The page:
At 10 in the morning, we were to meet with Hide-san, our personal guide who speaks English. He is affiliated with the Arita Tourism Association, which also offers tourist guides. Hide-san's English was a bit hard to understand in the beginning, but he is very kind and put in a great effort for us. That morning, we had our very own taxi, which felt quite luxurious!
To start the morning, Hide-san took us to Kakiemon, the kiln of an ancient family of potters. Starting with Sakaida Kakiemon (1596 - 1666), the pottery is now being managed by the fourteenth descendant, Sakaida Kakiemon XIV, who was designated a Living National Treasure (人間国宝, ningen kokuhō) in 2001. Since he held an exhibition in 2011 at the Museum of Ceramics Princessehof in Leeuwarden, The Netherlands, where I work as a volunteer guide, I was personally interested in Kakiemon.
To our surprise, we were even allowed to visit the kilns and workshops, which are normally not accessible to the public. The chief manager gave us a guided tour through the facilities, and told us about the pottery. The base material, high-quality kaolinite (also known as China clay, from the Chinese gaoling), has been quarried since centuries ago from a quarry in the area of Izumiyama. Kakiemon is one of the few who is allowed to use this kaolinite. The porcelain produced from this China clay has a very delicate structure in a milky white color. Next to the kilns, you'll find huge piles of red pine wood, which is used to heat the ovens. This kind of wood used to be abundantly available in Izumiyama, but due to its present shortage, it is being delivered from all over Japan.
The porcelain is baked at three temperatures: 900, 1000 and 1300 degrees Celsius. The heat is increased quickly. We got to see the centuries-old kilns, and afterwards we were allowed to look around in the Holy of Holies: the pottery workshop. This is where the pieces are kneaded and shaped on turntables, just like they were made centuries ago. This is also where they are painted with delicate lines. About ten people were handling the turntables: all vases, plates and bowls are manufactured with the greatest care, perfect in shape. In the painting section some twenty people were painting the porcelain with the utmost concentration.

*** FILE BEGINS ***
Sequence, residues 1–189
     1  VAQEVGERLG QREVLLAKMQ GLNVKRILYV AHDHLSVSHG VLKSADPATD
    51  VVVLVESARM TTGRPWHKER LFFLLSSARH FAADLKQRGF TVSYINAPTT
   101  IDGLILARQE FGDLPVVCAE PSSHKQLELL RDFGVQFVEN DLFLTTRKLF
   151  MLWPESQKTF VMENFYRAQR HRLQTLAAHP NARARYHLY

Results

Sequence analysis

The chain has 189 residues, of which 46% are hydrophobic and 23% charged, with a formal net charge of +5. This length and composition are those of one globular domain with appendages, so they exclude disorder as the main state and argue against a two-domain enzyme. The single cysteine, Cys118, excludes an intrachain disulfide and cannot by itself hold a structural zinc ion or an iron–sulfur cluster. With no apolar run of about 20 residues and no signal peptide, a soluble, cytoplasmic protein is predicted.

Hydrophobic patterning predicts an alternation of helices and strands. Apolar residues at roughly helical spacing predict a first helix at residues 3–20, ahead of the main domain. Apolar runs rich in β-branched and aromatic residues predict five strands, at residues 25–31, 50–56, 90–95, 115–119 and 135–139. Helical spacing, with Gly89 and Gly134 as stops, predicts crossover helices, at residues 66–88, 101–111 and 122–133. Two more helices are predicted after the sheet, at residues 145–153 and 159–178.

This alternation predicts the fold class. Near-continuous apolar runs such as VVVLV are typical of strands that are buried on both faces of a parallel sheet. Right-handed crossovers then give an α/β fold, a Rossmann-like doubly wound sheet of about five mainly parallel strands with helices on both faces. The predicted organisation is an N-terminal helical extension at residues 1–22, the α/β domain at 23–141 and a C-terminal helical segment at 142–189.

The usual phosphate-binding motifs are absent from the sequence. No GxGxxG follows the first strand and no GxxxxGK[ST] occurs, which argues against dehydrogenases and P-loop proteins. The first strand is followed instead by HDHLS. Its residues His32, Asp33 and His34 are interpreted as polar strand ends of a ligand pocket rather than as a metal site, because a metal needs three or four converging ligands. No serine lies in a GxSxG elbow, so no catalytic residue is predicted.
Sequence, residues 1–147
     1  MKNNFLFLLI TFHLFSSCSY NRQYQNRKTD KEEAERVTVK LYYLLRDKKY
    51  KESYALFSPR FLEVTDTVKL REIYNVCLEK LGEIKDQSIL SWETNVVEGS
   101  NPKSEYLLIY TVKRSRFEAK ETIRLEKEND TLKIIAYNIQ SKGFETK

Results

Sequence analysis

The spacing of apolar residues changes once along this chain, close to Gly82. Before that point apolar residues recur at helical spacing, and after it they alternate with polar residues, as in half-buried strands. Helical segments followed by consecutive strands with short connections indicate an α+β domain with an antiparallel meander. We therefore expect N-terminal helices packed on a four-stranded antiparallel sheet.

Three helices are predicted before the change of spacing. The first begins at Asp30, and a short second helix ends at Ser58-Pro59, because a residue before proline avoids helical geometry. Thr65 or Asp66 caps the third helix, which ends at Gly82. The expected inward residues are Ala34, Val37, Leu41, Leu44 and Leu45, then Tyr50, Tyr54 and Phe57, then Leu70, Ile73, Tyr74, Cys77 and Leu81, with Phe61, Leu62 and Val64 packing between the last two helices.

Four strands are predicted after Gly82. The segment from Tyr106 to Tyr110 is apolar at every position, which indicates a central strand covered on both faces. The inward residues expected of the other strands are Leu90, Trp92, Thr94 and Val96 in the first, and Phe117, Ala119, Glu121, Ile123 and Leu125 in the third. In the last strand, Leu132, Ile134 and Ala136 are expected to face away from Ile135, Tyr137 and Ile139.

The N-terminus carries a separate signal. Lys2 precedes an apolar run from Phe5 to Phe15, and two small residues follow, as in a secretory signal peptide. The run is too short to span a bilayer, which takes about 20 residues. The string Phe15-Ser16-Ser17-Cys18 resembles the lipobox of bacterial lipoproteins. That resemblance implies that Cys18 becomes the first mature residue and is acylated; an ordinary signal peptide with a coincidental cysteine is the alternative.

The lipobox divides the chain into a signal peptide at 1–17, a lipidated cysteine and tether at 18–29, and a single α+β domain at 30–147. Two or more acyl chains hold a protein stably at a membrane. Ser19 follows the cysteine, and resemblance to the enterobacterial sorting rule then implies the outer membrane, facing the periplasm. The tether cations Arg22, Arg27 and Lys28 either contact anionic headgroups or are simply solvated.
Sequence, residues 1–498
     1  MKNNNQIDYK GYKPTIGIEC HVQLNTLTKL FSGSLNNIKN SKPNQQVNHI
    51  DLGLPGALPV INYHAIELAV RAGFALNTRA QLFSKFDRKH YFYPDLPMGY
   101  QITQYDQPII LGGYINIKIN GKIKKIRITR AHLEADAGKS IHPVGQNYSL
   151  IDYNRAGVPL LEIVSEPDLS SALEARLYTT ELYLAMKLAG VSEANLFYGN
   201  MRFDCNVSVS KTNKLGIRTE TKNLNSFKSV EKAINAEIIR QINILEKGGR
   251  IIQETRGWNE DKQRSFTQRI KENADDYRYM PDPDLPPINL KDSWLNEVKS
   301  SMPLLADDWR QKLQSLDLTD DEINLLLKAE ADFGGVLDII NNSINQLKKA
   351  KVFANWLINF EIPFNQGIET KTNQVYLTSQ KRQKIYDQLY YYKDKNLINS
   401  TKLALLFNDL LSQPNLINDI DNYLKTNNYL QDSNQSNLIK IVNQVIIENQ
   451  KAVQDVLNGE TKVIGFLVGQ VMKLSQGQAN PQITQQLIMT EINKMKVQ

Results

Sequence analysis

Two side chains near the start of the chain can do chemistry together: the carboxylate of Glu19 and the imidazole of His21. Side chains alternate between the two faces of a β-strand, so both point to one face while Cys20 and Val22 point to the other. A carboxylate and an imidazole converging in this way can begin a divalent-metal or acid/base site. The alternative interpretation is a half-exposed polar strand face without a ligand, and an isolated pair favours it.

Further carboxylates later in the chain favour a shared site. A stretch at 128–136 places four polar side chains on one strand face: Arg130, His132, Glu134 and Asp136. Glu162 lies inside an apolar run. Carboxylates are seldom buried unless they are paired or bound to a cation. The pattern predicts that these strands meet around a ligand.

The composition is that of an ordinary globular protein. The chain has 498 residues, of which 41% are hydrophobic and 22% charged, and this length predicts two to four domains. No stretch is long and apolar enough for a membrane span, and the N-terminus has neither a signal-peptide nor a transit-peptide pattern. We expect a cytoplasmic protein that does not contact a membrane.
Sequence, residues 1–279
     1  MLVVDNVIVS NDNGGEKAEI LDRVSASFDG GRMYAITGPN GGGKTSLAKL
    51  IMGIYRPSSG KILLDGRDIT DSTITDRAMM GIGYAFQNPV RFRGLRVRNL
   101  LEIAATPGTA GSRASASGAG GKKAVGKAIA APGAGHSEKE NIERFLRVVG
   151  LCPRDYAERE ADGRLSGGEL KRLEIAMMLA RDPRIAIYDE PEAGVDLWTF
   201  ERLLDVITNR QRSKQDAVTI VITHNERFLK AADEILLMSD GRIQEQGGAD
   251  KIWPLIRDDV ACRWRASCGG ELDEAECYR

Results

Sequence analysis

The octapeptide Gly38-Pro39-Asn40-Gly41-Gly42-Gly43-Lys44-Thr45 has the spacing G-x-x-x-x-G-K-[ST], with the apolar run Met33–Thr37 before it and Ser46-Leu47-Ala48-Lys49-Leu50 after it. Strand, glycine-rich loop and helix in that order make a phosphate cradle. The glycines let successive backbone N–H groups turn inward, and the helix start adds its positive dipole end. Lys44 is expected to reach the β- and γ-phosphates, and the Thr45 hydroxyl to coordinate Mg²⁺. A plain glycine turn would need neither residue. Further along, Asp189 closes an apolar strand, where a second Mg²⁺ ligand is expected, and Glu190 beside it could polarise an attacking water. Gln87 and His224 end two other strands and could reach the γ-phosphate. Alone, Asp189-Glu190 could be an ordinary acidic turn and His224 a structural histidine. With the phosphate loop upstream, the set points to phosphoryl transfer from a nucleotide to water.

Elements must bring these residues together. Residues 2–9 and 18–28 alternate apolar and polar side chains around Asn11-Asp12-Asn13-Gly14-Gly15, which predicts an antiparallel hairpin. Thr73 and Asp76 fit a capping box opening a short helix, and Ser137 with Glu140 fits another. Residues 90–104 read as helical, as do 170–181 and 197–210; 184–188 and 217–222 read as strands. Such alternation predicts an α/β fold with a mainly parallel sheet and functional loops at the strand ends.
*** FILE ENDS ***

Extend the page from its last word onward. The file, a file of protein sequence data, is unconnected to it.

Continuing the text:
The next part of our tour through Arita was Izumiyama, the quarry which has become a National Treasure by itself as well. Our guide Hide-san was nostalgically reminiscent telling us how he, as a little boy, used to play here in the caves. This is not allowed anymore because of the danger of cave-ins.
We then visited some museums in the area. There are quite a few of them in addition to the many potteries in Arita; we decided on the Arita Porcelain Museum, where you can learn about the production process from clay to vase, and the Kyushu Ceramic Museum, a beautiful modern place that opened in the nineties. With so many beautiful pieces I could stay there for hours.
If you are into pottery or porcelain, and you plan a trip to Kyushu, then Arita should certainly be on your itinerary. Here is an English pamphlet offered by the Arita Tourism Association. Be sure to check out Kakiemon as well! The pottery itself and the kiln are not publicly accessible, but if you have a special interest, you should contact the Kakiemon pottery directly. And when you are in the region, I recommend the Seibouan Ryokan: wonderful people, nice rooms and great food.
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My name is Miriam, I was born 65 years ago in Dordrecht, the Netherlands. I have three children and two grandchildren. Until 2008 I worked as a teacher in Dutch language. Now I work voluntarily as a guide in a museum called Keramiekmuseum Princessehof in Leeuwarden. I am married to Hans Thielen, who is the father of Wouter Thielen. As Wouter is living in Tokyo, we went there. For the first time in 2009 and fell in love with the country. In 2012 we were there again.